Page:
What is sleep? Why do we dream? And what goes on in sleeping brains—from the tiny fruit fly’s to ours? In this program, Alan Alda talks with top sleep researchers and also highlights the winners of the 2015 Flame Challenge, in which video and written explanations of sleep were judged by 20,000 eleven year-olds.
This program is in association with the Flame Challenge, an annual contest held by The Alan Alda Center for Communicating Science at Stony Brook University.
Photograph: Jon Smith
Alan Alda, a seven-time Emmy Award–winner, played Hawkeye Pierce and wrote many of the episodes on the classic TV series M*A*S*H, and appeared in continuing roles on ER, The West Wing, 30 Rock, and The Blacklist. He has starred in, written, and directed many films, and was nominated for an Academy Award for his role in The Aviator. His interest in science led to his hosting the award-winning PBS series Scientific American Frontiers for 11 years, on which he interviewed hundreds of scientists. Also on PBS he hosted The Human Spark, winning the 2010 Kavli Science Journalism Award, and Brains on Trial in 2013. On Broadway, he appeared as the physicist Richard Feynman in the play QED. He is the author of the play Radiance: The Passion of Marie Curie. He has won the National Science Board’s “Public Service Award,” the Scientific American “Lifetime Achievement Award,” and the American Chemical Society Award for “Public Service,” among others. He is a Visiting Professor at Stony Brook University’s Alan Alda Center for Communicating Science.
Professor Mary Carskadon is an authority on adolescent sleep. Her research raised public awareness about the consequences of insufficient sleep in adolescents and influenced education policy, prompting school districts to delay school start times for teens. Carskadon’s past research examined sleep and circadian rhythm processes in adolescents and the influence of parental alcohol use history on sleep and circadian rhythms of youth. Her current research assesses depressed mood and serotonin genes in college students, effects of circadian timing on smell, taste, and food choices in overweight and normal weight teens, and smart lighting strategies for schools. Carskadon is a distinguished alumna of Gettysburg College with a doctorate in neuro- and bio-behavioral sciences from Stanford University. She has received awards from national organizations recognizing her scientific, educational, and public policy contributions. She is an elected Fellow of the Association for Psychological Science and of the American Association for the Advancement of Science.
Paul Shaw received his Ph.D. working with Allan Rechtschaffen at the University of Chicago investigating the effects of chronic total sleep deprivation in the rat. He subsequently joined the Neurosciences Institute as a postdoctoral fellow with Giulio Tononi where they began using the fruit fly as a model system to identify molecules that play critical roles in regulating sleep homeostasis. Shaw was promoted to the rank of associate fellow in 2000 at the Neurosciences Institute. He later joined the Department of Anatomy and Neurobiology at Washington University School of Medicine where he is now an associate professor studying how sleep loss disrupts the ability of an organism to acquire and/or consolidate memories. Shaw has served on the Research Committee, the Educational Program Committee, and the Scientific Program Committee for the Annual Meeting of the of the Associated Professional Sleep Societies.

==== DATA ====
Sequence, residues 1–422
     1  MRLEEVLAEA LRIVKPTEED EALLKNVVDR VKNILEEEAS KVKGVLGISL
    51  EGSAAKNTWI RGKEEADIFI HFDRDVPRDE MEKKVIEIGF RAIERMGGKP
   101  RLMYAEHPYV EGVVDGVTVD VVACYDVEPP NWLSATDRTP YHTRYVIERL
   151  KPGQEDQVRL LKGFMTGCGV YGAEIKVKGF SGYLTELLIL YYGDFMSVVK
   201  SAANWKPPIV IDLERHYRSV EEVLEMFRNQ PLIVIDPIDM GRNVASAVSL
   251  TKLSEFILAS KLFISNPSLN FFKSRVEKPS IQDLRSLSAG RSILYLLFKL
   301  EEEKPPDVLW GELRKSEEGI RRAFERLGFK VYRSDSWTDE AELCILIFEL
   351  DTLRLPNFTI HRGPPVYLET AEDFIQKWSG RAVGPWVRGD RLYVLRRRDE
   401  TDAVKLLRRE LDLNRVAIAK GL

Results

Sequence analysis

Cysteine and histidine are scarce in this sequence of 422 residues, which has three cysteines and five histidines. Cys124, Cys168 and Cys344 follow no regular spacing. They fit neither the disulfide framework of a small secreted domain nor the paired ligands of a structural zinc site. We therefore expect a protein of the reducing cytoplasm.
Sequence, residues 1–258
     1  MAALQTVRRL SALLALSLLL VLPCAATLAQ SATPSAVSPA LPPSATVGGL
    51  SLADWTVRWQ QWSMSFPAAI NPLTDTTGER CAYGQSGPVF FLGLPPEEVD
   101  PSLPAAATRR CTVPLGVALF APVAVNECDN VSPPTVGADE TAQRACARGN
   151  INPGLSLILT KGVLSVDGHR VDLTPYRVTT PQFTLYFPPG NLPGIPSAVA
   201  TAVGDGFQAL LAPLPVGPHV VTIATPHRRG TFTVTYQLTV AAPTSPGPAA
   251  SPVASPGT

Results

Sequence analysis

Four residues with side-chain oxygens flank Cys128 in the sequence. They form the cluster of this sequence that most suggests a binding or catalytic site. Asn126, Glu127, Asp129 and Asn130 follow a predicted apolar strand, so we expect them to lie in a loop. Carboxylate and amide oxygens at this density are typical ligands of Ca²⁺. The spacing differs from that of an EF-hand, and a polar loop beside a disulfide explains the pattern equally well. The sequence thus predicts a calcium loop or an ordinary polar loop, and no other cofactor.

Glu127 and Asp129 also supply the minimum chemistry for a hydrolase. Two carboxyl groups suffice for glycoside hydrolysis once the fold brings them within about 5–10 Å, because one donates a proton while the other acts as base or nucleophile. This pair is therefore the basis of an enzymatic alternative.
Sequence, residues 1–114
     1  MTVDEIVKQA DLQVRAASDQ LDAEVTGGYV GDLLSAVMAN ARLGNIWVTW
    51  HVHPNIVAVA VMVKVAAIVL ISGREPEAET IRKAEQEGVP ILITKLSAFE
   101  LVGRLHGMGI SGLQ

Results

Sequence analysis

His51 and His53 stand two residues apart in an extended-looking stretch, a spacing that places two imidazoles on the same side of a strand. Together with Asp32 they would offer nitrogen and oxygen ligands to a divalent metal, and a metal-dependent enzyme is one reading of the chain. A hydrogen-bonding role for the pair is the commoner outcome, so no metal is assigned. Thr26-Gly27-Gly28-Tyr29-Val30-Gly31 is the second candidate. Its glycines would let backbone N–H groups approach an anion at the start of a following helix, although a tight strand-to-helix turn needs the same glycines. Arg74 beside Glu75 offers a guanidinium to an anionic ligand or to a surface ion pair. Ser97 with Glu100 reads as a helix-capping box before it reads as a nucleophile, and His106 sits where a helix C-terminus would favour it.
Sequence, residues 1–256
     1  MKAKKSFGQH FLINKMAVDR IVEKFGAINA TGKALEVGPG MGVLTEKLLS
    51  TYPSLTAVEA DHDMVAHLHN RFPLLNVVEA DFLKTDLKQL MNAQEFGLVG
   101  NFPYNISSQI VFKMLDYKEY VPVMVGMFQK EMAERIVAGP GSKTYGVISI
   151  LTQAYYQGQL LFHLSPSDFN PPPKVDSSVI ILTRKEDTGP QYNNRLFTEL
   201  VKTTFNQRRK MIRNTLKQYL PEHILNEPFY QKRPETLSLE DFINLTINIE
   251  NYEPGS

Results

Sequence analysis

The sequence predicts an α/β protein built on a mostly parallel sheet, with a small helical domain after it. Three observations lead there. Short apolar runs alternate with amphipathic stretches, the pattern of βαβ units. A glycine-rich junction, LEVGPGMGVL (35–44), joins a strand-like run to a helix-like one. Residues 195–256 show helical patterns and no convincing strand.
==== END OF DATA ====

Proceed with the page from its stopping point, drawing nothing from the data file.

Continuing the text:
Robert Stickgold is an associate professor of psychiatry at Beth Israel Deaconess Medical Center and Harvard Medical School. He received his B.A. from Harvard University and his Ph.D. from the University of Wisconsin, Madison, both in biochemistry. He has published over 100 scientific publications, including papers in Science, Nature, JAMA, and Nature Neuroscience. He has also spoken multiple times at the Boston Museum of Science and at Amsterdam’s NEMO science center. His work looks at the nature and function of sleep and dreams from a cognitive neuroscience perspective, with an emphasis on the role of sleep and dreams in memory consolidation and integration, and how defects in these processes contribute to psychiatric disorders, including PTSD and schizophrenia. His work is funded by NIMH.
Matthew Wilson is Sherman Fairchild Professor of Neuroscience and Picower Scholar at MIT. His lab is interested in teasing apart the mechanisms of sleep and arousal, and applications of neuroscience in engineering and the study of intelligence. Wilson investigates brain systems that contribute to learning, memory, spatial navigation, and decision-making, and their possible involvement in neurological diseases and disorders. His research has focused on the manner in which memory representations in the brain are formed, maintained, and used during behavior. His approach employs several distinct strategies for examining the neural basis of memory, including electrophysiological, molecular genetic, behavioral, and computational approaches. Wilson received his B.S. in Electrical Engineering from Rensselaer Polytechnic Institute, his M.S. in Electrical Engineering from the University of Wisconsin, Madison, and his Ph.D. in Computation and Neural Systems from the California Institute of Technology. In addition to his professorship at MIT, Wilson is also the Associate Department Head for Education.